Tuesday, April 7, 2015

Can We Still Be Friends?

There is a new Todd Rundgren record out this week. It is called "Global." I don't like it. But rather than immediately launch into all that is wrong with it, let me explain where he and I stand in our relationship.

For the better part of 40 years, I have supported the artist in all his endeavors. From his pop leanings to his proggy acid trips, from his guitar-hero arena rock to his impressive list of productions, I have soaked in it all. But unlike many of Todd's disciples, I am unafraid of pointing out the missteps. And there have been many.

"Global" is one of those missteps.

This would not be cause for alarm if it was the only misstep in recent years. But Todd Rundgren has had more consecutive missteps since 2008 than he has had consecutive hits in all his career and to pull a lyric from the man himself, "Time ticking away. Time's just ticking away." The odds of ever hearing a Rundgren record with live musicians playing the infectious pop, rock and soul we've all come to love since our needles first dropped on "We Gotta Get You A Woman" all those years ago, are against us.

I expect the usual backlash from the aforementioned disciples. The hyperbole. The adoration. The defense. But from a strictly musical standpoint, I refuse to believe any of these followers are truly and deeply happy with their idol, now about to turn 67 years old, releasing electronica with lazy lyrics and even lazier melodies. That's not to say there isn't a place for these rah-rah, autotuned anthems and pulsing beats. I just think it's a bit cringeworthy hearing Todd Rundgren desperately trying to stay current. He is better than this and should start acting his age. Thinking that "Global" will suddenly gain a city's worth of new Todd listeners is no different than thinking Paul Anka's version of  Soundgarden's "Black Hole Sun" will turn all of Seattle onto the wonders of "Diana."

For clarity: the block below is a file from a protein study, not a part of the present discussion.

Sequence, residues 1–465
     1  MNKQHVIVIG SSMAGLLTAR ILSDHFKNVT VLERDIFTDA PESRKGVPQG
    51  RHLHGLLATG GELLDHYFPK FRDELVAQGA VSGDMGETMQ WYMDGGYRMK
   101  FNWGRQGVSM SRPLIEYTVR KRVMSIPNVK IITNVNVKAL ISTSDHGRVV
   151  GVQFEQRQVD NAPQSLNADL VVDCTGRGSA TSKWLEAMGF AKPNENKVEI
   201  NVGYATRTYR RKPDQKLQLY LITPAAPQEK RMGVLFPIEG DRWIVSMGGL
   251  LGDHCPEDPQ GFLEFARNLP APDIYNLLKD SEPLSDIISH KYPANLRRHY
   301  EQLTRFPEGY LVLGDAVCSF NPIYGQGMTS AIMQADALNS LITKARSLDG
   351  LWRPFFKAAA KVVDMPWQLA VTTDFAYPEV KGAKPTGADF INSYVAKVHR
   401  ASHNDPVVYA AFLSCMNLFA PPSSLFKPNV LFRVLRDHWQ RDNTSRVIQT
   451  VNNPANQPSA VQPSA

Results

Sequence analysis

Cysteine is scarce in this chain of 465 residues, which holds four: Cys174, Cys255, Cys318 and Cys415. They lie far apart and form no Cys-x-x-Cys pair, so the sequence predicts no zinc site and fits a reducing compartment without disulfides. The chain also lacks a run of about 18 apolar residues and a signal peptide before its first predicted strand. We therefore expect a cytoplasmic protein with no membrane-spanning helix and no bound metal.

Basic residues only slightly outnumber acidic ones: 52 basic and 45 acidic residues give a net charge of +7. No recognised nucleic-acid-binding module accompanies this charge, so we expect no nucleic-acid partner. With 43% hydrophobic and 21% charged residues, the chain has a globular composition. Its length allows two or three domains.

In Todd's defense, he is still a master at most of what he does and younger artists know this, which is why Rundgren has recently been cited as an influence, specifically his 1973 sound collage, "A Wizard/A True Star," by many of today's hot players including Skrillex and Tame Impala. But his own personal forays into dance and electronica seem transparent, tossed off without an ounce of true inspiration.

"Global" has a big sound and of course, Rundgren's voice is as soulful as ever.  It's a shame though that half the songs sound like retreads of songs from the last collection of electronica, 2013' "State."  This is interesting in light of recent comments Rundgren made in Uncut Magazine.

"I guess I've developed a pretty flexible audience. There's a certain amount of churn, like a revolving door. If they don't like what I'm doing now, they know that I'm never going to record another album like that again."

Except that three of his last four records have been exactly the same. "Reproduction," "State" and now "Global" are all the same. Too bad the man wasn't fixated on piano ballads. Now that would have been some trilogy.

Rundgren also made a comment in passing that he his recording an album with The Roots, "like Elvis Costello did." I have more faith in ?uestlove than I do Todd Rundgren, and maybe one Philly boy can teach the other that it's okay to embrace your past without a fear of becoming a retro act.

Time ticking away.

Wake me when Todd Rundgren and The Roots is released. Until then, I will be listening to anything but "Global."


Jeff Matthews said...

I was OK, sorta, with 2004's Liars, but really I've had nothing but disappointment with Todd for so long now. For over 25 years (going back to Nazz) he could do no wrong in my book but since then there hasn't been a single thing that's rekindled my engagement with his music. In contrast to Dylan, Springsteen, and all the others who emerged after decades of drift to do really compelling work. Sad, but still holding out hope.

EW said...

Yeah, I think "Nearly Human" was the last great Todd album. He got so lost after that. Sad.

ken49 said...

Sal, been liking the London Souls you mentioned a ways back. There was another group you mentioned say a year ago or more ago that I am desperately trying to remember. Something along the name Wyld Hearts or similar. Does that ring a bell?

ken49 said...

I just listened to Todd's first solo album about a week ago. Way better than I even remembered and it was pretty high to begin with. I listen to his appearance on Daryl's Place often. It's easy to take for granted what a fine singer he was (is).

Anonymous said...

I don't mean to make trouble (or maybe I do) but I think his last great album is "A Wizard, A True Star".

Capt. Al

William Repsher said...